Thursday, December 10, 2009

Family Circus: Since Grandma has been here we haven't sent Daddy out for fried chicken or burgers even ONCE!

Just because Dolly's not willing to cede her own power to her grandparents doesn't mean she's not perfectly happy to partake in the humiliation of her mother for the sake of making old people happy. But there's a lot more going on here than just another one of Dolly's power plays.

On a superficial level, this cartoon is a simple mother-in-law joke. If you don't immediately recognize it as such, it's because it's told from the daughter-in-law's point of view, which is a fair amount rarer than the mother-in-law joke told from the son-in-law's point of view. Underlying the latter variety is just hack misogyny: "Aren't women annoying! Ha ha!" But underlying the former kind of mother-in-law joke is a more complex social critique, which this particular Family Circus cartoon really brings to the fore.

On a basic level, these jokes are about generational conflicts and what should be expected of women within the family and culture more broadly. The cartoon above lays out the dichotomy pretty distinctly. In the foreground, we have the new generation, while in the background, we have the old generation. The new generation wears pants; the old generation wears a dress. The new generation looks harried, despite only being responsible for a single dish; the old generation looks serene, despite having a whole table in front of her. The new generation struggles to control her child; the old generation is in control of the entire table, a symbol for the whole family. And as per the dialog, the new generation often abdicates her wifely duty of cooking dinner for her family every night and forces her husband to perform menial tasks for her, like pick up food from a restaurant; the old generation never does, not even ONCE!*

*(My favorite touch is easily Grandpa standing off to the side reading the paper, just like it's supposed to be. The old generation would certainly never think or dare to interrupt her spouse's hard-earned leisure time.)

This trope generally sides with the younger generation, acknowledging that the world is different now and that the older generation never actually found everything as easy as it tends to claim in the first place. I don't think that's the case here. On the contrary, it seems pretty clear that, despite not being entirely unsympathetic to the younger generation, Keane Inc. is still on the older generation's side. Which, of course, is exactly what should be expected.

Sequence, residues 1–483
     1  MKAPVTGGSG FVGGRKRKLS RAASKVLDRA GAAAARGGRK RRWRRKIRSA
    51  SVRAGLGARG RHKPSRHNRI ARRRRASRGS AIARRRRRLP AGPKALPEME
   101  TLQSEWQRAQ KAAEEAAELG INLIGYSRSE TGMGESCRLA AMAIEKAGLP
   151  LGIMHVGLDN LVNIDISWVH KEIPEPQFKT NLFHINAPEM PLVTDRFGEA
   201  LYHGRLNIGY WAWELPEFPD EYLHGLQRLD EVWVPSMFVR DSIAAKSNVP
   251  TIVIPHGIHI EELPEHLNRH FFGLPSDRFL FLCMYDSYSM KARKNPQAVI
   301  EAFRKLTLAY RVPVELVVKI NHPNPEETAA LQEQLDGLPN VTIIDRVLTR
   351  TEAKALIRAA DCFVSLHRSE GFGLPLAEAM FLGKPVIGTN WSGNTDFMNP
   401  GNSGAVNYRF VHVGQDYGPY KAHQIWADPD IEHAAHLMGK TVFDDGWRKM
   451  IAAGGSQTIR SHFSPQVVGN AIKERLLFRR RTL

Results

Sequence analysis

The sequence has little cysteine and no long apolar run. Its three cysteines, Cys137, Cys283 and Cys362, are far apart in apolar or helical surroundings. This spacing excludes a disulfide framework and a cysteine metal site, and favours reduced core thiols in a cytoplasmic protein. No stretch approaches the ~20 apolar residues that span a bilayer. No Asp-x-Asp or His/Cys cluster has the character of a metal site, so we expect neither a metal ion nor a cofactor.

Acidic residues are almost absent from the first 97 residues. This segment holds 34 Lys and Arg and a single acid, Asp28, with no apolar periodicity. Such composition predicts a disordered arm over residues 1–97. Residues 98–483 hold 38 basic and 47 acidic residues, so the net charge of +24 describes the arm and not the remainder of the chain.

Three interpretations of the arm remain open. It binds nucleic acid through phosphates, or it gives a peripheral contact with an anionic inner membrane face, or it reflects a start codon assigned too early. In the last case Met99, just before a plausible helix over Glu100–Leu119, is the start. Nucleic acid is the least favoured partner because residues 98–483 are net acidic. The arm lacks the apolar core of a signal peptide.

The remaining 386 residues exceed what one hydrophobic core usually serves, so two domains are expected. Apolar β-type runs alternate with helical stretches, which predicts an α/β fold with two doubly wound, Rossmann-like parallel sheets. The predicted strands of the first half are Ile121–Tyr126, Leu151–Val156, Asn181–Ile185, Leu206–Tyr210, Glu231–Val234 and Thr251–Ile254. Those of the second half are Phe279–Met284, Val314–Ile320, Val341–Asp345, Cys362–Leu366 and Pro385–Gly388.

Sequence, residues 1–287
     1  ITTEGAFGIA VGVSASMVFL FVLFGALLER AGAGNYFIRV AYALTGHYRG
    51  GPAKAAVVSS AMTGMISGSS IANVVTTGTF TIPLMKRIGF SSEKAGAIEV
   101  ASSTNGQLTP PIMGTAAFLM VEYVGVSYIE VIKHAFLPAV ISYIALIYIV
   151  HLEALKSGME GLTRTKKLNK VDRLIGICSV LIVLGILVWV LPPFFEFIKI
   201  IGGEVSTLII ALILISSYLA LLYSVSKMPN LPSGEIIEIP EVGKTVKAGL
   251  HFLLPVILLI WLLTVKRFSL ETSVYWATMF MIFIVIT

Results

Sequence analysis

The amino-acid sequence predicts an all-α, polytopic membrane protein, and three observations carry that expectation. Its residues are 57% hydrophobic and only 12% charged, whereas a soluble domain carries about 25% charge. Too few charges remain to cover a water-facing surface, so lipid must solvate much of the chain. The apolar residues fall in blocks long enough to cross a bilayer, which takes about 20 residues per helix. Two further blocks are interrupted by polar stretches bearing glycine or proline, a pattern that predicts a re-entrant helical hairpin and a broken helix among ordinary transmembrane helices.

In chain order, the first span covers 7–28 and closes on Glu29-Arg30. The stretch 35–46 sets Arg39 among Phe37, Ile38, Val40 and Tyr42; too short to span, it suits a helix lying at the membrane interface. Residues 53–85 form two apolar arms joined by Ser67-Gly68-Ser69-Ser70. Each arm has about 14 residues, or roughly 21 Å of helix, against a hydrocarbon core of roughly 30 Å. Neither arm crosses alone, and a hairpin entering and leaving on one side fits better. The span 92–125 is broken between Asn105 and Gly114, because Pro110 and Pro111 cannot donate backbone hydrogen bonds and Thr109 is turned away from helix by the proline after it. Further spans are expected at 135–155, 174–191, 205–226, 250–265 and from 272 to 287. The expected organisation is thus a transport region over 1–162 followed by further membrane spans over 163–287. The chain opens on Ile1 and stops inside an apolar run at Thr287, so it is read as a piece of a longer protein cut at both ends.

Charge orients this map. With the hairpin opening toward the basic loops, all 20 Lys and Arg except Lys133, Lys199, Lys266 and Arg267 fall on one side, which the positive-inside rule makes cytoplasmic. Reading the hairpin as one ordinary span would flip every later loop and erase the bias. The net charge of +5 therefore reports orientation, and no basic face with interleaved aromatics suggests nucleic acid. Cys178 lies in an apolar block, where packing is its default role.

The most bizarre thing about all of this is that Thel Keane is the stand-in for the younger generation. Would that be the same Thel Keane who has never had a career of any kind, is generally held up as the perfect stay-at-home mom, and pumps out babies seemingly every year? Yep, that would be the one.

1 comment:

  1. In focusing on the generational conflict aspect of this story, you're ignoring the larger, overarching theme, which is how being subject to patriarchal rule turns women who should be allies against each other.

    What we see here are three generations of women who have a lot in common. None of them have ever held a job or had to worry about their financial security. They all were born and raised (or will be raised) in a securely white, upper-middle-class middle-American suburb where there are no concerns of violence, fear, or loss.

    But what this little vignette really demonstrates is how these three women compete for the affection of Bill, with Grandpa acting as a symbolic stand-in here or, in a more general sense, for the approval of the patriarchal power structure.

    Thel's lacklustre homemaking is normally acceptable in the absence of anything to compare it against. In the presence of another woman, though, who is perceived as being superior in all ways (being that she comes from an older, more oppressive time, and thus has bent her will more completely to the patriarchy, thus making her "better"), Thel is forced to use all her skill in an attempt to win favor. Can't have Bill making unfavorable comparisons of his own wife!

    Dolly, as you mention, is perfectly willing to attack and humiliate her mother. This is merely the opening salvo in what will ultimately be a decades-long struggle for superiority with her mother. "You send dad after food; I would never treat my father that way, because I take after Grandma," she seems to be saying. What is saddest about this is that, again, the basis of the perceived superiority is, in reality, who can defer the most and make themselves most inferior to the man of the household.

    It's clearly not a battle Thel can win, since she's already established a precedent of expecting Bill to obtain food on his own. She's got a lot of digging to do to make up for that blunder.